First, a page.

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Asbjorn Osland, San José State University
Noorein Inamdar, San José State University
This critical incident was prepared by the authors and is intended to be used as a basis for
class discussion. The views represented here are those of the authors and do not
necessarily reflect the views of the Society for Case Research. The authors’ views are
based on their professional judgment. The names of the president and of the organization
have been disguised for CSU – North Bay but not for the remainder of the critical

                              Dilemma at CSU – North Bay

Though the Faculty Senate at CSU – North Bay voted on April 24, 2008 to suspend blood
drives, the university president, Armando Ramirez, wondered what to do. To decide
contrary to the Senate could strain his relationship with some faculty but he believed he
had to make his own decision. Other stakeholders were the students that organized
periodic blood drives on campus with the local blood bank that counted on donations
from young people, who tend to have fewer medical reasons to be excluded due to ill
health than older people. Should President Ramirez follow the lead of a sister California
State University campus, San José State University (SJSU), and suspend blood drives
based on the opinion that the Food and Drug Administration’s (FDA) ban on donations
from men who have had sex with men (MSM) was discriminatory. SJSU defined
discrimination in the broad sense of the word; one group (i.e., MSM in this instance) was
excluded by the FDA because of its sexual orientation. However, there had been no legal
opinions supported by the courts in the US that viewed rejection of high risk groups from
donating blood as discriminatory.

On April 24, 2008 the CSU – North Bay Academic Senate approved, by a vote of 21 to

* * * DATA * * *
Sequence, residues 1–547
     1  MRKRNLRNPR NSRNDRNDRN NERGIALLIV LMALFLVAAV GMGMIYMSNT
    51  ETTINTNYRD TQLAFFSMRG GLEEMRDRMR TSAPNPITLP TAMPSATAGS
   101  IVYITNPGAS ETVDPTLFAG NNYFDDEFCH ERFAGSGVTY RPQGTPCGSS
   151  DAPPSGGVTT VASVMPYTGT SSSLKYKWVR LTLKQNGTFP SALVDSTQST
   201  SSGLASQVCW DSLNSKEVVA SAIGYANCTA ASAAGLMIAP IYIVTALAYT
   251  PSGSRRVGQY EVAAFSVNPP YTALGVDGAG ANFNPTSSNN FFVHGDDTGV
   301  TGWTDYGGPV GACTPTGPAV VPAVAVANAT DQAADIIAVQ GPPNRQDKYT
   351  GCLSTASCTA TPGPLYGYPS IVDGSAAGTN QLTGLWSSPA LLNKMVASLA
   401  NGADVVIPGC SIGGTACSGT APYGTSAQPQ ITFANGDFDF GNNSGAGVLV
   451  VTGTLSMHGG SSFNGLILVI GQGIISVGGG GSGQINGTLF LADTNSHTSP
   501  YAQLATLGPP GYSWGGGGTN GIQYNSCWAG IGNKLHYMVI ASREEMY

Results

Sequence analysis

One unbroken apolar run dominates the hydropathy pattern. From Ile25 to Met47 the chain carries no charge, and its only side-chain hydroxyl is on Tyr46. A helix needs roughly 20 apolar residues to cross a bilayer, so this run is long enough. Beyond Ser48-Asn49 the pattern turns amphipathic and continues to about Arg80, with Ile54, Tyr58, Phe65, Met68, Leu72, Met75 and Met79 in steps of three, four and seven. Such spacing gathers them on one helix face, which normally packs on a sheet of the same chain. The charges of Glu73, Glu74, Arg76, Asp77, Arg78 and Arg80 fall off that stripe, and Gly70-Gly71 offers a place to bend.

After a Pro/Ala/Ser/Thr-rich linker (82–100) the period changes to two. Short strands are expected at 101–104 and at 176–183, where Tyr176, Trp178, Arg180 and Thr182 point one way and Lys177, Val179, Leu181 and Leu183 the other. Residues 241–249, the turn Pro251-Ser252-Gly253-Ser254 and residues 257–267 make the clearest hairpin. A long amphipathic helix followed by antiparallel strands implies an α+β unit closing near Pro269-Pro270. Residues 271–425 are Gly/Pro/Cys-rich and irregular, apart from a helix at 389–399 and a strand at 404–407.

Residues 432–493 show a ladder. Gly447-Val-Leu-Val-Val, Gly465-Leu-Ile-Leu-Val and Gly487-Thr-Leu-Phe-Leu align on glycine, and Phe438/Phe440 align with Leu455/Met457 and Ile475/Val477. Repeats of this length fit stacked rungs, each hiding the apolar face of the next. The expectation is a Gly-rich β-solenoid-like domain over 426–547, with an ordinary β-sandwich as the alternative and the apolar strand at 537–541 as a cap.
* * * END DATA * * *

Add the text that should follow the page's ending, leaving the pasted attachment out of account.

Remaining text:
13, the following:

       … Be It Resolved: that the Academic Senate … strongly urges the
       campus Administration to rescind immediately the authorization of Blood
       Banks to operate on this campus, due to their discriminatory policy
       against gay men.
         Rationale: … University has a clear policy on non-discrimination, which
         includes discrimination on the basis of sexual/gender preference. Since
         the Reagan era of the early 1980’s, by order of the Federal Food and Drug
         Administration blood banks are required to decline blood donations from
         male persons acknowledging during their pre-donation questioning
         having had sex with other men since 1977. This policy may have made
         sense when it was first implemented, because then the cause of AIDS was
         unknown and the disease seemed to target gay men preferentially.
         However, 24 years later, the cause of AIDS is known – the Human
         Immuno-deficiency Virus or HIV – and it can be, and routinely is,
         screened for in donated blood (along with many other pathogens). It is
         also known today that anyone can get AIDS, irrespective of sexual
         orientation. To maintain that gay men who donate blood are ipso facto a
         threat to the public health is simply an anachronistic and discriminatory
         stereotype. …

President Ramirez read the resolution and considered the controversy. He wondered what
to do?
                             Long-term Controversy in FDA

In 2000, the FDA (Josefson, 2000) voted 7-6 to continue with the lifetime ban against
permitting MSM to donate blood. The stringent policy was adopted in 1985 because
some of the blood supply had been contaminated with HIV. Table 1 contains a summary
of the FDA’s view:
Table 1
Blood Donations from Men Who Have Sex with Other Men
… MSM are, as a group, at increased risk for HIV, hepatitis B and certain other infections that can be
transmitted by transfusion. …

Men who have had sex with men … have an HIV prevalence … 60 times higher than the general
population, 800 times higher than first time blood donors and 8000 times higher than repeat blood donors
(American Red Cross). Even taking into account that 75% of HIV infected men who have sex with men
already know they are HIV positive and would be unlikely to donate blood, the HIV prevalence in potential
donors with history of male sex with males is 200 times higher than first time blood donors and 2000 times